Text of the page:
Meanwhile, things started cooking at Tims. The board created a working committee to start evaluating any further offers. Tims has a small legal department for a company its size, just 60 people. But, to prevent leaks about Burger King’s interest and thereby improperly jolt the stock market, General Counsel Jill Sutton worked practically solo during the initial months of Burger King’s probing. She wouldn’t bring in external counsel until early August of that year on a deal that would eventually be signed on August 26.

Wachtell, Lipton, Rosen & Katz, led by Adam Emmerich in New York, would act as American counsel to Tim Hortons and Osler would handle things on the Canadian end. Twenty-nine lawyers in all, not counting those who represented Tims’ financial advisors.

Osler had done a lot of tax work for Tim Hortons. But Horner, who would lead its legal team, was not so familiar with Tims’ management and board. His first priority was to quickly develop a friendly and trusting relationship with critical people in on the negotiations, then work on tactics.

“This deal is an example of great proactive thinking from a legal perspective as well as a GR [government relations] and PR perspective,” says Michelle Lally in Toronto, Osler’s Chair, Competition Law/Foreign Investment Group. She would handle the Investment Canada Act issues for Tims. “Tim Hortons is a touchy-feely brand everybody is very familiar with.” Other significant deals that wind up having anti-trust or Investment Canada issues – deals, say, in less visible areas like the concrete industry – can fly under the public radar, says Lally. “But we knew everybody would have a view about this. So you have to come out of the gate with a clear, integrated strategy.”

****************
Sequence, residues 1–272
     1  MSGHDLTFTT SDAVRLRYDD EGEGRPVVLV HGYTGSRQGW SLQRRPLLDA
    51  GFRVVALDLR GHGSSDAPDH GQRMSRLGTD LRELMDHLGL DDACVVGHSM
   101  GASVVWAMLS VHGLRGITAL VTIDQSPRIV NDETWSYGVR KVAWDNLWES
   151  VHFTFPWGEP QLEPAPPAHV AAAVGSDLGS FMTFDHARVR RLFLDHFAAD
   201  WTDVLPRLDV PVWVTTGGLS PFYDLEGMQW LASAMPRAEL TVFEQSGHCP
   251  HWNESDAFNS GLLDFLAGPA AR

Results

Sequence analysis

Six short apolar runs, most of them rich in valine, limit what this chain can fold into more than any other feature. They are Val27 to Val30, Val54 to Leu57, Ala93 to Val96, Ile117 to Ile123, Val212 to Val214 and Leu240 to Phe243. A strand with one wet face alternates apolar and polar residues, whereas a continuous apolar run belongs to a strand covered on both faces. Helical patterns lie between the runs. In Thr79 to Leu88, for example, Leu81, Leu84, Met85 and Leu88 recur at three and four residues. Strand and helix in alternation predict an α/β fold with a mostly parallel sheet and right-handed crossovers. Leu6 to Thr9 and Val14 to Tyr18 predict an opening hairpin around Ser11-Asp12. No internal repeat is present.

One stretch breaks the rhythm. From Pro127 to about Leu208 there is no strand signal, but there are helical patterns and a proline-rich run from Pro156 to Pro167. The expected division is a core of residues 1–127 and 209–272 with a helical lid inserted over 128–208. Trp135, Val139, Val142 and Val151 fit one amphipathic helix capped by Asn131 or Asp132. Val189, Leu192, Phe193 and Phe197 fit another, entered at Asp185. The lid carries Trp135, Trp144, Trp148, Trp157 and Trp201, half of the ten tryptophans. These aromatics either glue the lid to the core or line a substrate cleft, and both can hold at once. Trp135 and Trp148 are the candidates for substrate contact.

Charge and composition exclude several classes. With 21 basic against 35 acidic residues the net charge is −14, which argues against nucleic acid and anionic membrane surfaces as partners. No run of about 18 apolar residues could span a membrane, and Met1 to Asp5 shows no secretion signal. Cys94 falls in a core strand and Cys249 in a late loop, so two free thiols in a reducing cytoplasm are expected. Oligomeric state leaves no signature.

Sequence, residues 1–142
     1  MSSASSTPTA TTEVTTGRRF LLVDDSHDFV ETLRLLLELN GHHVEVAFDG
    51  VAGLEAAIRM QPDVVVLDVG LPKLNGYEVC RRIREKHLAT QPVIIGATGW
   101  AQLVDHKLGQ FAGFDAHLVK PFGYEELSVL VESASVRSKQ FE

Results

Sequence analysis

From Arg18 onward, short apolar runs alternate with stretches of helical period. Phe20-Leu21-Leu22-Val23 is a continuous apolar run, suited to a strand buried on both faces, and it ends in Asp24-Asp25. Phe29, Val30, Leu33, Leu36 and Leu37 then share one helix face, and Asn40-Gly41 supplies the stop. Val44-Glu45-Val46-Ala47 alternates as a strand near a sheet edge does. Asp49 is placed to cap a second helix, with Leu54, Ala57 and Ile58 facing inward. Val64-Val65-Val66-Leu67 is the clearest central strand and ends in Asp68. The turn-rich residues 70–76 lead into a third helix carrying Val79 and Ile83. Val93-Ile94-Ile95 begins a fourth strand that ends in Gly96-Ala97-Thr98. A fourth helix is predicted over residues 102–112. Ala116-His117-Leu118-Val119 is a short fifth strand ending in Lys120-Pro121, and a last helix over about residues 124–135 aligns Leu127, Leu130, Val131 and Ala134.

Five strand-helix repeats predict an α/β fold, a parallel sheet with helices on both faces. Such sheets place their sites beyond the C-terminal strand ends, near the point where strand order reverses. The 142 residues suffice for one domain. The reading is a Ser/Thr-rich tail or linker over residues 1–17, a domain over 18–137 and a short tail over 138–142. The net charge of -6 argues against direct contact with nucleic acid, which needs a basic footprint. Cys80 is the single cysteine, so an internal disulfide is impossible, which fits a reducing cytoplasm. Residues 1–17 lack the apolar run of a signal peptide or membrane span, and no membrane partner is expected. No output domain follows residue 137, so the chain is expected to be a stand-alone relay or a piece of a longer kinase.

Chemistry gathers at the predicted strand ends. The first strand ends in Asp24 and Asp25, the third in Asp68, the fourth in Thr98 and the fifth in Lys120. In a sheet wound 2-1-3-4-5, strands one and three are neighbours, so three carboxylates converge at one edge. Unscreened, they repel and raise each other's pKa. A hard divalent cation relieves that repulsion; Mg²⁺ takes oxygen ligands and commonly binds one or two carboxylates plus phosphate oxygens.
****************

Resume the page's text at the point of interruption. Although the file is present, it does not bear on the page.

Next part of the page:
Have it Your Way

Tims’ board, now well aware of 3G’s hard-nosed reputation, challenged its legal teams to come up with a process for reducing any deal risk concerning clearing the Investment Canada Act. There was, says Horner, “absolutely no appetite” at Tims for announcing a deal that might not actually get done if it somehow flubbed the ICA’s net benefits test. Or if its own franchisees were so fearful about 3G’s and BK’s penchant for rabid cost-cutting one day down the road that they mobilized political support to kill the deal.

Tims wanted commitments from the buyers to ensure they would honour and protect key areas of Tims’ corporate culture, its relationship with franchisees and charitable organizations and its existing business strategy, among other things.

In addition to asking for more money, Tims and its legal advisors set down a list of core principles it wanted enshrined in undertakings to Investment Canada and in any commercial agreement and thus legally enforceable. It drew a non-monetary line in the sand for BK and 3G.

Those principles included:

  • The Tim Hortons brand would be separately managed and headquartered in Canadian offices.
  • Tim Hortons’ store branding would be done independently.
  • Rent and royalty structure with franchisees would not be increased for five years and the buyer would indicate it had no plans to do so thereafter.
  • Plans to increase the number of Tim Hortons’ franchisees in Canada would be maintained as planned.
  • Maintaining the current level of staffing commitment provided to Tim Hortons’ franchisee-facing operational organization.
  • BK/3G would maintain current funding and other support to the Tim Hortons Children’s Foundation, the Coffee Partnership and other charitable and community organizations across Canada.